The latest report of The Education Initiative, a partnership of Fort Polk Progress, Vernon Parish schools, JRTC & Fort Polk and community stakeholders, notes that the graduation rate for the total student population has climbed almost 10 per cent, to nine out of 10, over the three most-recent years measured.

“Moving Vernon Parish Schools from Good to Great!” is the initiative motto and the 30-page report is packed with data that seems to affirm that is the direction the system is going.

The report is through the 2016-17 school year. It shows a student population at 19 schools on 16 sites of just under 9,000, with 74 percent civilian; 26 percent military dependent.

Pre-deployment concern in early summer about a negative impact on the system population turned out to be worry for nothing. There are actually a few more students in Vernon schools now than a year ago.

Of that student count, 10 per cent are in Special Education, including special needs and gifted programs.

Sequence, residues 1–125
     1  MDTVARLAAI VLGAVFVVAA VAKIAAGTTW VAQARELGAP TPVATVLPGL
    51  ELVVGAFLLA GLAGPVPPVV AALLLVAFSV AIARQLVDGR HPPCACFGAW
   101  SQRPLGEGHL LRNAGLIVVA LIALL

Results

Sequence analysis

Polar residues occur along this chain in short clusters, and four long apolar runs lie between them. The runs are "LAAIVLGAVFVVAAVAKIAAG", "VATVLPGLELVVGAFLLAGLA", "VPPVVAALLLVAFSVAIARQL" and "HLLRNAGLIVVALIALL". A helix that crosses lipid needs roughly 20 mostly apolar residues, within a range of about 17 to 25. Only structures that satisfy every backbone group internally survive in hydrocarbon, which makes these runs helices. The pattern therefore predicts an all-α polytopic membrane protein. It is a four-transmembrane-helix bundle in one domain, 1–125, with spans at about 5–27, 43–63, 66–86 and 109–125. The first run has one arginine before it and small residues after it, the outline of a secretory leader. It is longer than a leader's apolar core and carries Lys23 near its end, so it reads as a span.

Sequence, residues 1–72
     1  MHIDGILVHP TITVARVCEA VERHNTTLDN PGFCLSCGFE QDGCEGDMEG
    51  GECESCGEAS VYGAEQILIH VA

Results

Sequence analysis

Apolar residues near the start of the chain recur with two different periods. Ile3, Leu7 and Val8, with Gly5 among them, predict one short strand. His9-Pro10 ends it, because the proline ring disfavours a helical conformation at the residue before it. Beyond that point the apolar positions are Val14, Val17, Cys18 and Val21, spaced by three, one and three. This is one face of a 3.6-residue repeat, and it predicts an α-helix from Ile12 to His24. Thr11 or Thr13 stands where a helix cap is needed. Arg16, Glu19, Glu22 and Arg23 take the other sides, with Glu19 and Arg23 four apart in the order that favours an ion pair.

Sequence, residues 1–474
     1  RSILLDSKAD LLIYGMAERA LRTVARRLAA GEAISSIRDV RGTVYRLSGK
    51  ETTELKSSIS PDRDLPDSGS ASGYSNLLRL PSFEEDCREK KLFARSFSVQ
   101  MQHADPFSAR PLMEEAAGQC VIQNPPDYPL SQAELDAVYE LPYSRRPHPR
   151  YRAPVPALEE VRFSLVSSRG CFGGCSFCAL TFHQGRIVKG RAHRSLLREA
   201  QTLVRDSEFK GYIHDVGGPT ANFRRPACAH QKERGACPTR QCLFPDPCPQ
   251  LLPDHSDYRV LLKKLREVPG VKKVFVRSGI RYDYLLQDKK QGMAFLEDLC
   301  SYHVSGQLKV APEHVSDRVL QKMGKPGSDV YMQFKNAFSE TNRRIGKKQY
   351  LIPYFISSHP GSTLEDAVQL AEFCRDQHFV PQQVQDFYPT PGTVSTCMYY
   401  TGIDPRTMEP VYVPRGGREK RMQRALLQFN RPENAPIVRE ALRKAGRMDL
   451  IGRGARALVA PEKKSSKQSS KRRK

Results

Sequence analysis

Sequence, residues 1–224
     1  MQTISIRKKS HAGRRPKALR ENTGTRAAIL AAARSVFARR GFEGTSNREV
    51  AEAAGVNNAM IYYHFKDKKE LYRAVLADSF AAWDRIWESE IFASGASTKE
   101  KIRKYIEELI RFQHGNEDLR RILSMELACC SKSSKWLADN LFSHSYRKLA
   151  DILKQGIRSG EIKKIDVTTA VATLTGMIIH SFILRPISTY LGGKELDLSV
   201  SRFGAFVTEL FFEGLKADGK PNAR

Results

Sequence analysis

The student body is a diverse one: 69.6 per cent white, 15.4 black, 7.5 Hispanic, 1.2 Asian and 0.7 Native American.

And those students are for the most part doing well. For instance, the assessment index for 3rd-8th Grade (proficient or above) is 93.4, compared to the statewide 77.5. On the other end of the grade levels, ACT composite averages for Vernon students was 20.8, which meets the national average. Statewide it was 19.5.

Vernon students earned $7.39 million in TOPS scholarships in 2017. Those dollars are awarded on the basis of academic prowess.

The report notes the system is graded “A” under the state Department of Education Accountability Program. That was for the 2015-16 year, a grade earned again in the most-recent accounting.

In fact, Vernon’s score on performance testing ranked third in the state among traditional public school systems.

As of May 2017, the system had 1,236 full-time employees, including 580 teachers and 36 administrators. Among employees were 44 military spouses.

The overall student/teacher ratio was 14 to 1. Among those teachers were 441 with bachelor’s degrees, 113 with master’s degrees and 26 with master’s degrees plus hours.

The system had $95 million in revenue in 2016-17, and spent $93.9 million.

Revenue sources included: state Minimum Foundation Programs, $56.9 million; grants and contributions, $12.3 million; local taxes, $17.8 million; federal impact aid, $4.8 million; and $3.2 million from other sources.

Instruction, at $59.8 million, is the big ticket on the spending side. Other costs included: administration, $9.4 million; infrastructure, $7.4 million; food service, $6.4 million; transportation, $6.5 million; and student services, $4.4 million.